There is a 9 per cent difference in pay between women and men in Norway, even if they work in the same workplace, have the same profession and do the same job.
When the researchers looked at the general difference between women and men in the Norwegian labour market, the wage difference is 21 per cent, according to an overview from the Copenhagen Business School (CBS) (link in Danish), one of the participants in the study.
Worse than neighbouring countries
Norway is slightly worse off than its neighbouring countries.
Denmark has a 7 per cent difference in wages whereas in Sweden, that difference is 8 per cent.
Both France and the Netherlands are better off than Norway, with 7 and 8 per cent difference, respectively.
Spain has a difference of 12 per cent and Germany, 13 per cent.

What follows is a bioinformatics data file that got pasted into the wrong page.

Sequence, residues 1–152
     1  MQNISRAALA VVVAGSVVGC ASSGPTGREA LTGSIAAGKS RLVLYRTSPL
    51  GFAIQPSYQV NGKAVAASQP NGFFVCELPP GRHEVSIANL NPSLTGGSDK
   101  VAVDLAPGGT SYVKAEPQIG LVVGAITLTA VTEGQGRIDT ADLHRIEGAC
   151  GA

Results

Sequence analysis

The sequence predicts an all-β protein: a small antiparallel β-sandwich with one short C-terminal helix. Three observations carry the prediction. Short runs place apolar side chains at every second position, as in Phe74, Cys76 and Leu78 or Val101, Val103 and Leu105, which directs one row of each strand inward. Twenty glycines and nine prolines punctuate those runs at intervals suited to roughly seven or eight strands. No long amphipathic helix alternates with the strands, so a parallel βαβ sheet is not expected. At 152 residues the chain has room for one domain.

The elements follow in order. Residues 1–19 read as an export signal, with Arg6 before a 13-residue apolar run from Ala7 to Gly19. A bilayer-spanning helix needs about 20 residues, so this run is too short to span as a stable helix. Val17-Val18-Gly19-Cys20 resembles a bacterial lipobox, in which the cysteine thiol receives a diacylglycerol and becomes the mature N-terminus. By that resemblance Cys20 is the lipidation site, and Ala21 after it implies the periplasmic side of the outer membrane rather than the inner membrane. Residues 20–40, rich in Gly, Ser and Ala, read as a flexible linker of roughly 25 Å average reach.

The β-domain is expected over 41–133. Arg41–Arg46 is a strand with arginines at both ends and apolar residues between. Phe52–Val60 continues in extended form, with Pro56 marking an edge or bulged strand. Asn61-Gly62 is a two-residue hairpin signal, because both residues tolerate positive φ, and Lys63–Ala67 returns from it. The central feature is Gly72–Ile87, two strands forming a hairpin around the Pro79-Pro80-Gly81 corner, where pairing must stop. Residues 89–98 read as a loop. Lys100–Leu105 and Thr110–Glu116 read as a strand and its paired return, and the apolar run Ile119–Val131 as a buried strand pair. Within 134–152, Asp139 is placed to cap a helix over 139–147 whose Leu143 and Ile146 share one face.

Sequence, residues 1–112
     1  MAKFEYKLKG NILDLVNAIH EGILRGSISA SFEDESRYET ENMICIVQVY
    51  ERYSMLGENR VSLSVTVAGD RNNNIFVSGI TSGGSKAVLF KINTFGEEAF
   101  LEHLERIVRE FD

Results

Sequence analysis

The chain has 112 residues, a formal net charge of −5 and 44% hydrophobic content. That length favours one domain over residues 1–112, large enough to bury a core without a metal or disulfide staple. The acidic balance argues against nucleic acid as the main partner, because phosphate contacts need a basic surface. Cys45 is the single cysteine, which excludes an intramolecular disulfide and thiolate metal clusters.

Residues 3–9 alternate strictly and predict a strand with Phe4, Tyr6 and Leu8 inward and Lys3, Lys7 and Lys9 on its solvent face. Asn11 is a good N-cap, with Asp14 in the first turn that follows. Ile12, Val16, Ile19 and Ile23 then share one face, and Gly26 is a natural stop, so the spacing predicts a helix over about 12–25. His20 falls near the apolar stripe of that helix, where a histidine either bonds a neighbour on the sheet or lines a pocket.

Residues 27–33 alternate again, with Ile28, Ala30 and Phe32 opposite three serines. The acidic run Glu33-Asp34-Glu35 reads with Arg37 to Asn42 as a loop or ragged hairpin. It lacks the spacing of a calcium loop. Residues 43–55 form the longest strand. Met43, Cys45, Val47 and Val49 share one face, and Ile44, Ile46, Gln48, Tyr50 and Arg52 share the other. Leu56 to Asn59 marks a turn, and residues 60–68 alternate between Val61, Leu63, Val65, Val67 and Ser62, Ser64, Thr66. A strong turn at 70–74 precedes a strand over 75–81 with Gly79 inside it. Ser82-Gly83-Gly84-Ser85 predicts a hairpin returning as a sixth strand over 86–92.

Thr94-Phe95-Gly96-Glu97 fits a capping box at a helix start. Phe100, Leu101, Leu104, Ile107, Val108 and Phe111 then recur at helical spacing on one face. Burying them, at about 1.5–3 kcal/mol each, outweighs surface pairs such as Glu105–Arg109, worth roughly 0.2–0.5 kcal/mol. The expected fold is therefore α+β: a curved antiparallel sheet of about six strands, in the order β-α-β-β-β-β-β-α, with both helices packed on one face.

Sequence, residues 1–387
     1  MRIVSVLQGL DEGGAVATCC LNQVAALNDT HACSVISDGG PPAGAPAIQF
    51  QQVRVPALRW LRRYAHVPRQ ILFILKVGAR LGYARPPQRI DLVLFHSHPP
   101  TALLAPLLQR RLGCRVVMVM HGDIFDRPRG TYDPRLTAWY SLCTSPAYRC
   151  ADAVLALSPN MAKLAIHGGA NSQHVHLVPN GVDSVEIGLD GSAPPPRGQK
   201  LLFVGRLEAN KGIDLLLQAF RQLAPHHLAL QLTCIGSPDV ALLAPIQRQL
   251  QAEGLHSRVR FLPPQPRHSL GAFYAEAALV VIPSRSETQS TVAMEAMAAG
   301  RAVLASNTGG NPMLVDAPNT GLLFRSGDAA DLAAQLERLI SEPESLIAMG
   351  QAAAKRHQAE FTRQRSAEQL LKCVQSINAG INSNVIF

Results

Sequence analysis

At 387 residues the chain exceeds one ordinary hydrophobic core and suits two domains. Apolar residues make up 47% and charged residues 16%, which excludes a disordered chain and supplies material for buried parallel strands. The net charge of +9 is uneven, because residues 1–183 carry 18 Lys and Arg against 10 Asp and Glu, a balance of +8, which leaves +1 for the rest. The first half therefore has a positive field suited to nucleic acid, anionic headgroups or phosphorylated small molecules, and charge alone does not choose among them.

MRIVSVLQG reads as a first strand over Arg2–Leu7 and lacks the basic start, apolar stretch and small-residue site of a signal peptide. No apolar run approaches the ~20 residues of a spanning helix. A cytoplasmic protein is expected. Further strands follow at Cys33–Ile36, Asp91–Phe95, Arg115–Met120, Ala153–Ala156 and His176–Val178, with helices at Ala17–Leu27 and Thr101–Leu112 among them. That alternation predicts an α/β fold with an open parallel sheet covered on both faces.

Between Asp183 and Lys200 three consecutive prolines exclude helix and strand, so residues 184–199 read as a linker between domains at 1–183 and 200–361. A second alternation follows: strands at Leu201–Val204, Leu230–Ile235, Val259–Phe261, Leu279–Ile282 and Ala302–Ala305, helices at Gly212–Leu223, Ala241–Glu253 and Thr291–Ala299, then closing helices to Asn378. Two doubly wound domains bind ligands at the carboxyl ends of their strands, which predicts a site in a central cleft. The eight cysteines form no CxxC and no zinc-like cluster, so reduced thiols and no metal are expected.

The researchers found the greatest disparity in Japan, where women earned 26 per cent less than men on average. South Korea was in second place with 19 per cent.
None of the 15 countries the researchers studied offered equal pay for equal work.
Jon H. Fiva, a professor at the Norwegian Business School’s (BI) Department of Economics, says he is impressed by the study.
He was especially impressed considering the breadth of the data, which have been collected from 15 different countries and over many years.
The differences the researchers found between men and women in the same job are somewhat greater in this study than we thought based on previous research, he said.
“Previous research has pointed out that the main reason why women and men have different earnings is that they have sorted themselves into different occupations, with different incomes. This study, on the other hand, points out that a large proportion of the variation is also due to differences within the same profession and in the same workplace,” he said.
A bit critical of the conclusion
Fiva nevertheless had two questions about the study.
One is that it is difficult to measure what a job is.